Ethics and Sport

Ethics and Sport

Ethics and Sport

Ethics and Sport

Synopsis

The issues surrounding ethical controversies in sport have filled the media recently. This book of invited original essays by mainstream philosophers as well as philosophers of sport will provide the reader with a discussion in ethics and sport based on a sound philosophical footing. Part one includes essays which focus on the basis of sport as an activity that is inherently ethical. Part two concerns the nature of the oft-heard but seldom-clarified notion of fair play. Three essays are included which articulate substantively different interpretations of the concept all of which have different allegiances in ethical theory and practical consequences. Part three deals with ethical questions in physical education and coaching, and Part four, on contemporary issues, includes essays which focus on topics such as violence, conflict and deception. This book is accessible to a wide range of teachers and students in the field of sport and leisure studies. Contributions from international, highly regarded experts in the field to provide the reader with the systematic treatment of the ethics in sport from a diverse perspective.

Excerpt

Jim Parry

This collection of essays began life as a subset of the papers presented at a conference on Philosophical Issues in Sport and Physical Education organized by Mike McNamee at Duffryn House, Vale of Glamorgan, on 17th-19th March 1995. in addition, some essays were solicited in order to produce a more coherent set, organized in four sections, which attempts to illuminate the contribution of philosophical ethics to our understanding of contemporary sport.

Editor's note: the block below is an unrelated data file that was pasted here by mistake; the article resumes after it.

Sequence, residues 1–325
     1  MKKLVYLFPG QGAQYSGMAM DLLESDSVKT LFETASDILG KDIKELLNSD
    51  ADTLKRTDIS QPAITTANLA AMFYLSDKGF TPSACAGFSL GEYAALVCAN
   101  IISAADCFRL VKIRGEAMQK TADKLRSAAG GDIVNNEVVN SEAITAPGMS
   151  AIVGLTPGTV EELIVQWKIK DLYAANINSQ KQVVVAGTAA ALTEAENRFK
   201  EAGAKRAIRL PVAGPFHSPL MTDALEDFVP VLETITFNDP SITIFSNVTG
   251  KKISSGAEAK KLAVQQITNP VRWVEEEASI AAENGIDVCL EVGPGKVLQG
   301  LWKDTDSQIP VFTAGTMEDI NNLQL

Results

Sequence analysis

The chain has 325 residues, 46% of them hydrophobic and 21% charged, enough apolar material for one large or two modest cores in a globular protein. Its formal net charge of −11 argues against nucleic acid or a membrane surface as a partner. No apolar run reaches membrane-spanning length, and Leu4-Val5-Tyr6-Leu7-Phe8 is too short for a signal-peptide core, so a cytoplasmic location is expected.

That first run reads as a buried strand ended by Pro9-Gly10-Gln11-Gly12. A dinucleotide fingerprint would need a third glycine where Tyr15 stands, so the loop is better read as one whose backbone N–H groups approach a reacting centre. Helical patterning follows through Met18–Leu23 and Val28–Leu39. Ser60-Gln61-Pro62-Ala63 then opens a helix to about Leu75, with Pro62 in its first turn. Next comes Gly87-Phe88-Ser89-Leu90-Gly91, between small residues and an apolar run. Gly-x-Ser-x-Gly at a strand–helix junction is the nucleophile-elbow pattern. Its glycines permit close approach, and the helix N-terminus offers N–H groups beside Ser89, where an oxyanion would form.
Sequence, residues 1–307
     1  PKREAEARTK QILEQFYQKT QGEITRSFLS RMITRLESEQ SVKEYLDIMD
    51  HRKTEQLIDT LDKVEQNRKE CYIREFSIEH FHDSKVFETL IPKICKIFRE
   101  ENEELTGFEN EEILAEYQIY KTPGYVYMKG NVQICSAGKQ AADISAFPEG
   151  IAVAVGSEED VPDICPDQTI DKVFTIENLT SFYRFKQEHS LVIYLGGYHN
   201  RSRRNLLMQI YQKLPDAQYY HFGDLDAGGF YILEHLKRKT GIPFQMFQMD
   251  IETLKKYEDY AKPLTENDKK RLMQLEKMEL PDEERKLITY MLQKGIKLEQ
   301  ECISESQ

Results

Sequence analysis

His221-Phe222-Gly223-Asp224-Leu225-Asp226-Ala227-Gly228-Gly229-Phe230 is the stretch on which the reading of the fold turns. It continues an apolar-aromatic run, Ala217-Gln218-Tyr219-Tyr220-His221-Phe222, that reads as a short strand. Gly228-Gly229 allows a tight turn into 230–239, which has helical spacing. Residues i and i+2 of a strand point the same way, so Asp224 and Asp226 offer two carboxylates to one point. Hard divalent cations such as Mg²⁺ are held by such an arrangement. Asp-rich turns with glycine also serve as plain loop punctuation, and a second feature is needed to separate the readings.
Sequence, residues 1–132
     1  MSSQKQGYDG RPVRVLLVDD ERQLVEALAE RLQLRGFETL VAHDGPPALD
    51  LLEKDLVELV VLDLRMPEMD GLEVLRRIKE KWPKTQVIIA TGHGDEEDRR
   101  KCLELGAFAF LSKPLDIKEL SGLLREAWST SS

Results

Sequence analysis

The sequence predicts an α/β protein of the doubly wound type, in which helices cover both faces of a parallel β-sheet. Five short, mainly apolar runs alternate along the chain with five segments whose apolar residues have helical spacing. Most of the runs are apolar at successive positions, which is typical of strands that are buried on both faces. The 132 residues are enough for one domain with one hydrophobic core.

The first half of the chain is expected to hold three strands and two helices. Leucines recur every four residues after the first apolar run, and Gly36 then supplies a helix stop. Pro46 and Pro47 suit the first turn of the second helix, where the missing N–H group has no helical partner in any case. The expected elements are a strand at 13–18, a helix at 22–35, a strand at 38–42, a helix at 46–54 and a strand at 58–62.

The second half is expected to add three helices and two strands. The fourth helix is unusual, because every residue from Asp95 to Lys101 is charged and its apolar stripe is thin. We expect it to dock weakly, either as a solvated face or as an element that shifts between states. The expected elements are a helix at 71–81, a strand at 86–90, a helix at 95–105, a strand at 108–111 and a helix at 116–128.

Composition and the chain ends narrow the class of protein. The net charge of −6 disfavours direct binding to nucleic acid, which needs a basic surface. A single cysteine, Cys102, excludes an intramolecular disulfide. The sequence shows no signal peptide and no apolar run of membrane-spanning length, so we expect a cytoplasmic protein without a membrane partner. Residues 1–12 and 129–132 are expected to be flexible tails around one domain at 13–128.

Part ONE:

Ethics and Sport - The contribution of philosophy

The collection opens with Graham McFee's provocative denial of his title question: are there philosophical issues with respect to sport (other than ethical ones)? His challenge is whether we can identify a distinctive set of philosophical issues or problems concerning sport, which alone would justify the claim that there is such a thing as a 'philosophy of sport'.

Enquiries into the concept of 'sport' won't count as such an issue since, in addition to their dullness, they properly belong in the philosophy of understanding. Any issue that can be similarly 'kicked upstairs' into an established branch of philosophy is not 'genuinely addressing philosophical issues for sport', since sporting cases are simply taken as examples of conclusions argued for elsewhere. Whilst there are legitimate philosophical interests in sports ethics, dance aesthetics and physical education, none of these constitutes a 'philosophy of sport'.

Whereas McFee doubts the possibility of a philosophy of sport, Scott Kretchmar (Chapter 2) argues its necessity: 'soft metaphysics' is an essential prerequisite of ethical decision-making. Drawing on the characterization of sport that he has refined over 20 years ('from test to contest'), he outlines a conception of the meaning and significance of sport with reference to its 'setting'. Only such an account, he claims, can show us both how to be ethical in sports and games, and why we should be ethical at all.

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